Lee County, IL.

Jacob S. Pulver
Willow Creek Twp.

Jacob S. Pulver is conducting a good business as a farmer and stock-raiser in Willow Creek Township, where he has a good­ sized, well-tilled farm, with rich pastures stocked with fine horses and cattle of good breeds and amply supplied with commodious buildings for every purpose. Mr. Pulver was born in the town of Florida, Montgomery County, N. Y., May 3, 1826, a son of Jacob S. Pulver, who, so far as known, was born in the same county. He in turn was a son of Solomon and Mary (Dennisou) Pulver, his father a substantial farmer of Florida.

Jacob S. Pulver, Sr. was reared and married in the county of his nativity, his wife being Keziah Voorhes, who was likewise born in Montgomery County, and was a daughter of the Rev. Garrett and Lavina (Cisco) Voorhes. Fifteen children were born of their marriage, of whom eleven grew to maturity. The father of our subject was a " blacksmith and practiced his trade during the War of 1812. He subsequently bought a farm in Florida Township, and engaged in farming as well as in blacksmithing. He resided on his farm until shortly before his death, and then went to pass his remaming days with his daughter, his wife having; died on the old homestead.

The subject of this brief life record grew to manhood in his native town, and was educated in the local public schools. In his youth he assisted his father on the farm and in the smithy, and gained a good Practical knowledge both of agriculture and of mechanics as applied to the black­smith's trade. He remained an inmnte of the parental household until he was twenty-three years of age, and then rented his father's farm for six years. At the end of that time, he bought fifty acres of land, and engaged in general farming and dairying in his native state until 1866, when he came to Lee County to avail himself of the wonderful fertility of its soil and its numerous other advantages for carrying on agriculture successfully. He bought the farm in Willow Creek Township upon which he has ever since made his home. It contains 200 acres of fine, well-improved farming land, which he devotes to general farming and stock-raising,and his finely-bred horses and cattIe compare well with the finest in the vicinity, and always command good prices when placed on the market. Since he took possession of his farm, Pulver has wrought quite a change, and has in­creased its value to a great extent by the various improvements that he has made. He has erected two roomy barns, has added to his house, making it much more commodious and convenient in every way, and has done other things to add to the attractiveness of his home.

Mr. Pulver and Miss Mary A. Burt were united in marriage April 16, 1850, and for forty-one years have shared life's joys and comforted each other in its sorrows. The following is the record of the seven children with which they have been blessed: William J., born March 22,1851, was married April 15, 1874, to Mary Sherwood, and they have six children: Martha A., Gertie May, William S., Eddie S., Judson, Mary and Edna; Judson, born April 30, 1852, was married to Josie Slothower and died in Nebraska, April 21,1886, leaving four children: Fred, May, Frank and Eva; Charles L, born August 11, 1854, manied Cora Nettleton,and resides in York, Nebraska; Emma, born May 19, 1857, was married to Stewart A. Ferguson, November 4, 1876, and has one child, Bertie Maud; Sarah, born December 4, 1860, married John Tuttle March 9, 1881, and they have three children: May, Wilber and Nellie; Frank, born August 20, 1867, and Nellie born February 26, 1871, are living at home with their parents.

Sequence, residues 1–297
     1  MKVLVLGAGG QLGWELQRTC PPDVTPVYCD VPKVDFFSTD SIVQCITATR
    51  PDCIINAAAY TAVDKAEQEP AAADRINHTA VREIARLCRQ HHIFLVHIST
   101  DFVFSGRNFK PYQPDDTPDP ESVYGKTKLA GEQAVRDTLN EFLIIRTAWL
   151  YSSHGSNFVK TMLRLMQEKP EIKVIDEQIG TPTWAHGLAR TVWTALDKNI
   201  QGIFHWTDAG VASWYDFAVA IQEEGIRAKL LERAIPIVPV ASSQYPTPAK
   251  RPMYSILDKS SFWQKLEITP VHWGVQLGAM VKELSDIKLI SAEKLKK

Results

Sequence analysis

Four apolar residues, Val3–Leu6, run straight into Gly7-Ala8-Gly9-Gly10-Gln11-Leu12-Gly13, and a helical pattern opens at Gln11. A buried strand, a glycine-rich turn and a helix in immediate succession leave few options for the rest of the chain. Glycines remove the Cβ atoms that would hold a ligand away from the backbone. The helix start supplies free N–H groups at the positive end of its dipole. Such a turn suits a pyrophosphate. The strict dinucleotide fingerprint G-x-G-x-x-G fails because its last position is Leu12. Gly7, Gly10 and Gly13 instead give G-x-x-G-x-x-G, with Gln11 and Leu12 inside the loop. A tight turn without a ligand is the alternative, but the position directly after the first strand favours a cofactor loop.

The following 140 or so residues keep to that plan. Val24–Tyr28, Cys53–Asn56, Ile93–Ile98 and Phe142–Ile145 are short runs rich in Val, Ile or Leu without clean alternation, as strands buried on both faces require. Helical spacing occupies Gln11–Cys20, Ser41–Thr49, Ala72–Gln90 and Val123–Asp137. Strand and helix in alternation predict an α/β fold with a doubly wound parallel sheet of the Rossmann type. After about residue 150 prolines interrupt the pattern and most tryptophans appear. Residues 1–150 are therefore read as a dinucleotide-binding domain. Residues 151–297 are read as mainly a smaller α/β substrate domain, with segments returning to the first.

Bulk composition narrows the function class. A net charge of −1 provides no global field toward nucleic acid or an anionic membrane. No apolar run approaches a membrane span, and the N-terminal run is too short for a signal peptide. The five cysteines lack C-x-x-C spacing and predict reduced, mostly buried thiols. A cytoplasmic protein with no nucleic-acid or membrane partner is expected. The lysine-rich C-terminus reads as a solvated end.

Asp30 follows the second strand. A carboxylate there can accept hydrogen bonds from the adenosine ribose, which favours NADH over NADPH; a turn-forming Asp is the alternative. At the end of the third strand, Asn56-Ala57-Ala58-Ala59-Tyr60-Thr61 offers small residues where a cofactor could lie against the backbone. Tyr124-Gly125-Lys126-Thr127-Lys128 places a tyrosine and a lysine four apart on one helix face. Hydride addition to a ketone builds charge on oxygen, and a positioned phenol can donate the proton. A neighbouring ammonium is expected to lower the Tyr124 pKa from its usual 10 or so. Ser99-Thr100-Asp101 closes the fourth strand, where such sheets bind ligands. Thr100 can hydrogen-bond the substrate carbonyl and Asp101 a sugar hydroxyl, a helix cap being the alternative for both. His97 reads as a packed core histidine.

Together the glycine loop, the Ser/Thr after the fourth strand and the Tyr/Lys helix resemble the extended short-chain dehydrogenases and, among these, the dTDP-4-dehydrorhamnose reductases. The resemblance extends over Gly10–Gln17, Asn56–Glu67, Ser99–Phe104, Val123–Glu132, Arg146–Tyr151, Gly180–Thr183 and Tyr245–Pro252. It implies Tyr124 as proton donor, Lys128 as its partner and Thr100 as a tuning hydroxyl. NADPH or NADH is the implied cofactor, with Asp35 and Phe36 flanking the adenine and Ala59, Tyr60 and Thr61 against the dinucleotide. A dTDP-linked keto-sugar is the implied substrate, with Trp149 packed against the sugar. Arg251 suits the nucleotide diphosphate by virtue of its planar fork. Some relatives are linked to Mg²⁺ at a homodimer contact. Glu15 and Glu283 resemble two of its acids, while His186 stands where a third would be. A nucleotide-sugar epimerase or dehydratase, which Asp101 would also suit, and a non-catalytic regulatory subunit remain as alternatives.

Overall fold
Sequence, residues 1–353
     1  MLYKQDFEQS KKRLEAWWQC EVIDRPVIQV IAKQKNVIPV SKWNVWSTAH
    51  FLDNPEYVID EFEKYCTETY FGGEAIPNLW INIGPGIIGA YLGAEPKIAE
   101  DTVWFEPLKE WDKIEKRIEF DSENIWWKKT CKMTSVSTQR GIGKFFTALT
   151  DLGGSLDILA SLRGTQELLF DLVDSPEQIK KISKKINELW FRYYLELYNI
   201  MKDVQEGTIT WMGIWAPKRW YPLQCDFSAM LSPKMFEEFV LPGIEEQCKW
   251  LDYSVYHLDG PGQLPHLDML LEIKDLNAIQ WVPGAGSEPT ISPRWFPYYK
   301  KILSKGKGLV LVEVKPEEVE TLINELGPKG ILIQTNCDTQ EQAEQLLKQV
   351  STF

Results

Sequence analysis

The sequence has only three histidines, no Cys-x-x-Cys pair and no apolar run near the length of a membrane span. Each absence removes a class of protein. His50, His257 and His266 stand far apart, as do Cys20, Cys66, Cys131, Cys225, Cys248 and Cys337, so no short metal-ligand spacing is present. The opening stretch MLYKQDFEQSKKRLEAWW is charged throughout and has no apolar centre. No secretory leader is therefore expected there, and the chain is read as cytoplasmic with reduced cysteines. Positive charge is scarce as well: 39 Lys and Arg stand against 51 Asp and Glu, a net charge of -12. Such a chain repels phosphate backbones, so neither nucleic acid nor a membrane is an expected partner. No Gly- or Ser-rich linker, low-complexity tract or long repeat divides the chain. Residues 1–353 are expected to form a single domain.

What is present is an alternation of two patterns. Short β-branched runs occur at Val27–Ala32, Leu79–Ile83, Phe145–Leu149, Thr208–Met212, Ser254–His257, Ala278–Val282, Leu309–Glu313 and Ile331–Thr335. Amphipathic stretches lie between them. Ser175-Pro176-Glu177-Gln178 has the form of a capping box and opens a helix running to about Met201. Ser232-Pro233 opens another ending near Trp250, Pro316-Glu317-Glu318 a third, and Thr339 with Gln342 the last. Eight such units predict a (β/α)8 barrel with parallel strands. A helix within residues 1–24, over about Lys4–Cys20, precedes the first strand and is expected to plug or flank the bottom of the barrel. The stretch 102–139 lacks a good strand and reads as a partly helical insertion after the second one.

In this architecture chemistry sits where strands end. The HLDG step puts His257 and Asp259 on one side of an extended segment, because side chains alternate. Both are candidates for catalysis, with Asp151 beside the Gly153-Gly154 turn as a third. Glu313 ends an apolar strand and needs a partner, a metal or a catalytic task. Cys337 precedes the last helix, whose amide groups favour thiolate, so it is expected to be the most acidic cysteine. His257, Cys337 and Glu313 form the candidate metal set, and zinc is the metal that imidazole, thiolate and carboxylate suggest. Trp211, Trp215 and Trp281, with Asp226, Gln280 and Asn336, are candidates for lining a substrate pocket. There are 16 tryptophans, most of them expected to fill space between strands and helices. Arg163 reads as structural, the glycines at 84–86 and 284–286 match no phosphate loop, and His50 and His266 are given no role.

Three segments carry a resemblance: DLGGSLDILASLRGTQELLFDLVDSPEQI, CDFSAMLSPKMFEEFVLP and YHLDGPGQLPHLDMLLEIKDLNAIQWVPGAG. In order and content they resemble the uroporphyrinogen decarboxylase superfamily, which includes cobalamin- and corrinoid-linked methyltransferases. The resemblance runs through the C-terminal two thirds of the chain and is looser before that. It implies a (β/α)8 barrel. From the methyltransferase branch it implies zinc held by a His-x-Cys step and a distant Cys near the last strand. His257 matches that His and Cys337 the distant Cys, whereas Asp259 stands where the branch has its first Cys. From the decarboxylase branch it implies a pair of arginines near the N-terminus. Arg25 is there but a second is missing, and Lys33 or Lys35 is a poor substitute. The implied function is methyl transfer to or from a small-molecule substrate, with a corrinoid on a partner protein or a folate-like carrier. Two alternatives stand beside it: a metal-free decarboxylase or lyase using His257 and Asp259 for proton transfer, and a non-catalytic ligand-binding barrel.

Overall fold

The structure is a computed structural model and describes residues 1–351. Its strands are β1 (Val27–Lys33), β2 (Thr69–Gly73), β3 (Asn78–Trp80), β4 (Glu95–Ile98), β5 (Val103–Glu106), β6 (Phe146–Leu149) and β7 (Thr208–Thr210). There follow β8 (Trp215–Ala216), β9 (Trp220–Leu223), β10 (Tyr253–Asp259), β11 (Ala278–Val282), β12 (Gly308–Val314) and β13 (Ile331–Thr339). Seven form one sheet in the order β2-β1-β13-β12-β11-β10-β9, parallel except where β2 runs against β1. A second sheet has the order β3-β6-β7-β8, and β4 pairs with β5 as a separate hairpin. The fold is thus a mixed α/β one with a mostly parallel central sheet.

Mrs. Pulver is a native of Somersetshire, Eng., September 19, 1829, being the date of her birth. Her father, William Burt, was also born in that English shire, as was his father, Samuel Burt, be­fore him. The latter married Ann Applebee, who was likewise a native of England, and he spent his entire life in his native shire, his occupation being that of a farmer. Mrs. Pulver's father was reared and mnrried in the land of his birth. He was a thatcher by trade. He finally resolved to better his condition by emigrating to this country, and setting sail from Bristol with his wife and five children, in the month of March, 1841, a ten weeks voyage brought him and his family across the waters to this country where they sought a new home. From New York they went up the Hudson to Albany, and from there by way of Erie Canal to Ft. Hunter, Montgomery County, N. Y. The father rented land there some years, and then bought some in Saratoga County, which he sold some years later, when he and his wife came to Lee County and passed their declining years in the home of their daughter, Mrs. Pulver. They reared seven children: Mary A., Eli, Charles, Emma, Elisabeth, Henrietta A. And Jay. The mother, who was a native of Somersetshire England, the maiden name of Eliza Laky.

Mr. and Mrs. Pulver and all their children are members or the Methodist Episcopal Church, and they are held in high estimation throughout the entIre community for those fine traits of character that make them kind and obliging neighbors and steadfast friends. In early life Mr. Pulver was a Whig, but since the formation of the Republican party he has followed its fortunes whether for better or worse, and is a stanch advocate of its policy.

Portraits and Biographical Lee County IL Pg 786


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